In performing research locally, I came across the following story which I have adapted from newspaper articles from the day:
On July 1, 1907, the citizens of Dalton awoke to find a dead man hanging from a downtown bridge. Around 6 o’clock A.M., the body of Dock Posey was taken down and, being refused by his wife, shipped by train down to Atlanta. There, it was taken by the Atlanta Medical College, now Emory, for further destruction.
Posey was a middle aged white man, who had recently moved near Dalton from Walker County, the county immediately to the west. Posey married a woman with two daughters, the youngest nine-years old. Posey was a no-count rapist. Upon the little girl, Posey committed “the most horrible affair that has ever occurred in this county.” In the euphemism of the time, he “outraged” her. Realizing that his stepdaughter was near death due to his crime, he took her into Dalton to the office of Dr. J.C. Rollins. Dr. Rollins called in two other doctors thinking that the girl’s injuries so severe she might not recover.
Posey denied he had anything to do with the rape, and fixed the blame on someone else. Even in the girl’s severe condition, he had taken the time to scare her into telling the same story. However, when the girl was able to speak freely, she told exactly what happened. Posey still denied but he realized he was a goner.
The Reverend W. H. Bird, also the president of the local Farmer’s Union, took a personal interest in the matter and did his own investigation. He went and spoke to Posey’s wife. The wife told him that Posey had attempted an outrage of her older daughter recently. With this and perhaps some other persuasion, Rev. Bird was able to get a confession out of Posey. In fact, Posey identified the place, time and physical evidence of the crime.
Word spread of the confession. As some of the locals called for Posey’s neck, the authorities attempted to squelch the town’s passions by calling for an immediate term of court so that justice could be meted out promptly, but judicially. Many of the town folks realized, however, that the little girl was the key witness. She may not even survive, but at least it could be weeks before she was able to testify at a trial and even that would be more than she should have to bear.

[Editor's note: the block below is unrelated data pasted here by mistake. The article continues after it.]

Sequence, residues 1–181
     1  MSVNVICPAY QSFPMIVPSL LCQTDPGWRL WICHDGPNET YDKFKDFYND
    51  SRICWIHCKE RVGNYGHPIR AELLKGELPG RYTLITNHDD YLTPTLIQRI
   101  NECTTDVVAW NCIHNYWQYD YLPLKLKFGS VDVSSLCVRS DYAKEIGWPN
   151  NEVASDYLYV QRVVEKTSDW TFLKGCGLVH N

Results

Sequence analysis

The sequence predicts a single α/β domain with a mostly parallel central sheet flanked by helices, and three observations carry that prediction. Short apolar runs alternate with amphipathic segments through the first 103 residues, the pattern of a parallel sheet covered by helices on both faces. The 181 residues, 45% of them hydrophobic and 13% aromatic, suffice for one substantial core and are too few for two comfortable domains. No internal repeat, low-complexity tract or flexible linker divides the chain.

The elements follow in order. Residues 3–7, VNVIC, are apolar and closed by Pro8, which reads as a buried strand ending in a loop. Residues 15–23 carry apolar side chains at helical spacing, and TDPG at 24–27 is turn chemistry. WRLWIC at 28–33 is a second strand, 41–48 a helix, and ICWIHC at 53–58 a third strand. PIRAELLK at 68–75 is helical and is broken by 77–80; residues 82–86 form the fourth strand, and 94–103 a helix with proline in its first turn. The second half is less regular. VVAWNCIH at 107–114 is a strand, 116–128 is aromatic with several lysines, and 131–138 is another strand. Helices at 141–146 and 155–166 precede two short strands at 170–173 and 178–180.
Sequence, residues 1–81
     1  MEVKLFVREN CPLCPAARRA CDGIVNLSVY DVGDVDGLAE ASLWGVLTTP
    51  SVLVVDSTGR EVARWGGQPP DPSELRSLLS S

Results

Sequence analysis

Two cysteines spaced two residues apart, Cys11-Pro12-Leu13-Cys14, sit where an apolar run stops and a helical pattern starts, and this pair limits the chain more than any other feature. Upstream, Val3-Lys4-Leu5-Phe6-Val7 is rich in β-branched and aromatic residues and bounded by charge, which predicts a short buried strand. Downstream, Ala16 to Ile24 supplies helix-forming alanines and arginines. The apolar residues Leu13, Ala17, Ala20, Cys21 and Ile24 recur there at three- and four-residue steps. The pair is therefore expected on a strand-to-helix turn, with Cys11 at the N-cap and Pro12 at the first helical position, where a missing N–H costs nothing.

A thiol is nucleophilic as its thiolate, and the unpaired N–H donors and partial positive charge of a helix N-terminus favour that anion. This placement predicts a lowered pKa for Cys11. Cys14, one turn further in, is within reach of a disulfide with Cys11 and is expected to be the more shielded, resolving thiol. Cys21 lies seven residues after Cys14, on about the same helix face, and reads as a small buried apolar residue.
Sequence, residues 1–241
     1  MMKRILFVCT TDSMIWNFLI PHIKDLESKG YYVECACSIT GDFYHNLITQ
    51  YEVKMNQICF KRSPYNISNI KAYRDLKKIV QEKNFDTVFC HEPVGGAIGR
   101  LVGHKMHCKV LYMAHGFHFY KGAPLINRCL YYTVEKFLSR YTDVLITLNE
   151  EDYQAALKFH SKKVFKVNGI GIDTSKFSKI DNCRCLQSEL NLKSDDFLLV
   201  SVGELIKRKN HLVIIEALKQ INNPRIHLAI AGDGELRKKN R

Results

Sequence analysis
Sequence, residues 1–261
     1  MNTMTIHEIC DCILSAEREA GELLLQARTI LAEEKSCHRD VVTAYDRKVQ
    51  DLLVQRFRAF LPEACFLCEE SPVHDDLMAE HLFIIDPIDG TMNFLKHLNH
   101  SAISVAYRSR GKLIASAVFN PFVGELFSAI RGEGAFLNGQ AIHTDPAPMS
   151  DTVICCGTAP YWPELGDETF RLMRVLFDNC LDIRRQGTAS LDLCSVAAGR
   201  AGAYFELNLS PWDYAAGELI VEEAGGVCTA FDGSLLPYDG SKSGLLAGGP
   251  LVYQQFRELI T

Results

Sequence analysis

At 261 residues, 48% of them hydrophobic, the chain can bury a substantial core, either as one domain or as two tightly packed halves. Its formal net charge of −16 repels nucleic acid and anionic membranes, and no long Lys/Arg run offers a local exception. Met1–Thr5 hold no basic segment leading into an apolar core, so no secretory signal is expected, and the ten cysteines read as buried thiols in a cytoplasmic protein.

All these difficulties worked themselves out on the night of July 1.
Rev. Bird stayed with a jailer to watch Posey that night. Voices were heard around one o’clock A.M. which woke Rev. Bird. He arose from his make shift bed, out into the hall and was held at gun point by a group of 25 or so men. The group included two police officers who had been passed on the way over, disarmed and forced to come along. Except for these officers, all the men had guns. Each of the men wore long black robes, and white pointed hoods, only their eyes, feet and hands were visible.
The leader of the group made himself known and demanded the keys or else he “would blow the jail to hell.” The keys were found, Posey cell was unlocked, and out he was dragged out, limp, begging for his life.
The mob was extremely well disciplined, placing guards around the jail, who fell in line as they left the jail with the prisoner. The group marched double file. It was said no “oaths” were sworn, few words were said and all the orders of the leader were followed with precision.
The leader, being a “gentleman,” said he did not want to hang an innocent man asked Posey for the truth. Posey confessed again, but begged for his life. Satisfied with this due process, the leader and the mob toted Posey out of the jail, into a car and down the street to the bridge running over the railroad. Posey was put on top of the buggy and tied up to a wooden beam under the bridge.
From that position, Posey was given 15 minutes to pray, which he did. He also asked the crowd to pray for him. He again said he didn’t intend to harm the girl. The crowd shouted “die with a lie in your mouth.” As his pitiful last words were uttered, the buggy then drove out from under him triggering the mechanism of his death. He strangled to death from that point.
The mob left, but demanded that the jailer and Rev. Bird stayed. They were not to take the body down until 6 o’clock A.M. at the earliest and also to make sure the spectacle did not spook a horse passing over the bridge. The leader said he “would be sorry to see anyone injured by a runaway horse frightened by the dangling body.
For whatever reason, the jailer and Rev. Bird remained until the morning, leaving the body hanging as instructed.
The local paper suggested none of the mob could be identified and were not thought to be Dalton citizens. The town was not sorry to see Posey go, and went about its business.
There is a photo of the hanging that can be seen here. It's graphic.